SciTech

Alexa, convenience in return for recordings of your voice

Credit: Isabelle Vincent/ Credit: Isabelle Vincent/

Voice-activated technology may be the next big hit in the tech world. With 41.4 million users for Siri and 0.2 million monthly users for Cortana, Siri and Cortana are the primary competitors of Amazon Alexa, which has 2.6 million users. As these companies compete to provide the best features in their voice technologies, users benefit from consistent improvements.

So, what is Alexa exactly and how does it work? Alexa is a voice service from Amazon that powers "smart speaker" devices like the Amazon Echo, Echo Dot, and Amazon Tap. It can be found on any Alexa enabled device that is configured with Alexa voice service, such as Amazon’s Fire TV and tablets. Alexa waits for a wake word (“Alexa” by default) to start a conversation. Once that word is spoken, Alexa begins listening to you, and then you can ask Alexa to do things for you (such as playing music) or use a skill you downloaded.

Although Siri and Cortana’s user base is declining, Alexa’s is consistently growing. Amazon continues to attract developers with high-stakes hackathons in order to add to Alexa's 15,000+ skills. Alexa's skills page is becoming as populated as the App Store, which makes it hard for developers to come up with new, unique skills. On the other hand, it is also leading to increasingly unique and helpful skills for Alexa by forcing developers to think outside the box. With more and more skills on the market, Amazon savvily adds hackathons with focused agendas and themes to guide developers towards a certain genre of skills. This year’s Hackathon tasks participants with creating an everyday-use-skill.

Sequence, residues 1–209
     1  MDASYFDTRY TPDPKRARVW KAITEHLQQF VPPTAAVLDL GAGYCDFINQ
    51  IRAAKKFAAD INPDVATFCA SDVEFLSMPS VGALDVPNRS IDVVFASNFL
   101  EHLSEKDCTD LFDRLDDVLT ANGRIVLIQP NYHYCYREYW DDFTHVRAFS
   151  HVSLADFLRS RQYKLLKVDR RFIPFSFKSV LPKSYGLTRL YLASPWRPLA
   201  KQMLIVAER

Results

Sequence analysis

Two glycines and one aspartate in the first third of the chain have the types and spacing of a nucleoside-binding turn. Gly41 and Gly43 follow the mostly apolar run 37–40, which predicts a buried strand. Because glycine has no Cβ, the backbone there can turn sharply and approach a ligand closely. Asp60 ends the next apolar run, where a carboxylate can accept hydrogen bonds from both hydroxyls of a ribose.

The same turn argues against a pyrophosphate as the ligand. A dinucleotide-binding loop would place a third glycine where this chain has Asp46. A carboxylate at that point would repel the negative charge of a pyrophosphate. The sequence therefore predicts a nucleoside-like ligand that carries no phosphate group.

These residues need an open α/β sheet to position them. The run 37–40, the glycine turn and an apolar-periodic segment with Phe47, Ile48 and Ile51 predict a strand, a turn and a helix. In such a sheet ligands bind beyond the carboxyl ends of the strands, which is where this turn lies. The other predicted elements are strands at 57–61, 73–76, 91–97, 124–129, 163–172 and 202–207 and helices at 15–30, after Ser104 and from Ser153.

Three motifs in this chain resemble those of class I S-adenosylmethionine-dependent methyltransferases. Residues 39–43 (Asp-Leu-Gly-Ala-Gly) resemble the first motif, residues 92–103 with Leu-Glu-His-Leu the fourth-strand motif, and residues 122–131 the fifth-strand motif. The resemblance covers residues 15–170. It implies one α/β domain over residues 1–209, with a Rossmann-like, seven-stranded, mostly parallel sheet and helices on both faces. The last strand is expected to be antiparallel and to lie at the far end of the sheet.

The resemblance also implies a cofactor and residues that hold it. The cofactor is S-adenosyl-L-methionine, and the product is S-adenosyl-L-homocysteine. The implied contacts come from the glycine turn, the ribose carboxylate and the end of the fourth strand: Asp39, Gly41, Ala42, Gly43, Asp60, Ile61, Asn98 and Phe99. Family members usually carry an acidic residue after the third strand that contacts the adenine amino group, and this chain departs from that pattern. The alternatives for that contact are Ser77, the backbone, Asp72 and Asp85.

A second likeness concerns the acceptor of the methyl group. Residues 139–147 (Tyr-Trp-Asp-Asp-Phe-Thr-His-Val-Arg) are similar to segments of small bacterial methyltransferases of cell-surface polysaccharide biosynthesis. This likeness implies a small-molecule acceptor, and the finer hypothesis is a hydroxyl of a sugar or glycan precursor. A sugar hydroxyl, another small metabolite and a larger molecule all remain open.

The big concern for many, it seems, is privacy. Is Alexa listening to us all the time? Recently, Amazon filed a patent to allow Alexa to listen to people all the time. If the technology is implemented, it will mainly be used to catch key words (like "love" or "hate") to figure out what people like or dislike and make suggestions accordingly.

Though this technology is not yet installed on Amazon's devices, Alexa does store voice recordings of what users say after the "wake word" activates the device. While Apple's Siri anonymizes users' recordings and deletes them after six months, Alexa stores them until the user chooses to delete them. This means that if a user is hacked — or much more likely, someone else gains login access to their Amazon account — their browsing behaviors and recordings can be accessed.

A couple of solutions for this are found in a USA Today article by Kim Komando. Komando suggests turning off Echo’s mic to prevent Alexa from eavesdropping, turning off voice purchasing or setting a PIN code for purchases to secure money transactions, and definitely checking “Drop-In” settings to ensure that no one else is listening to your conversations.

Amazon claims that Alexa's always-listening technology may never hit the market. "We do not use customers’ voice recordings for targeted advertising," said an Amazon spokesperson in an official statement. "Like many companies, we file a number of forward-looking patent applications that explore the full possibilities of new technology. Patents take multiple years to receive and do not necessarily reflect current developments to products and services."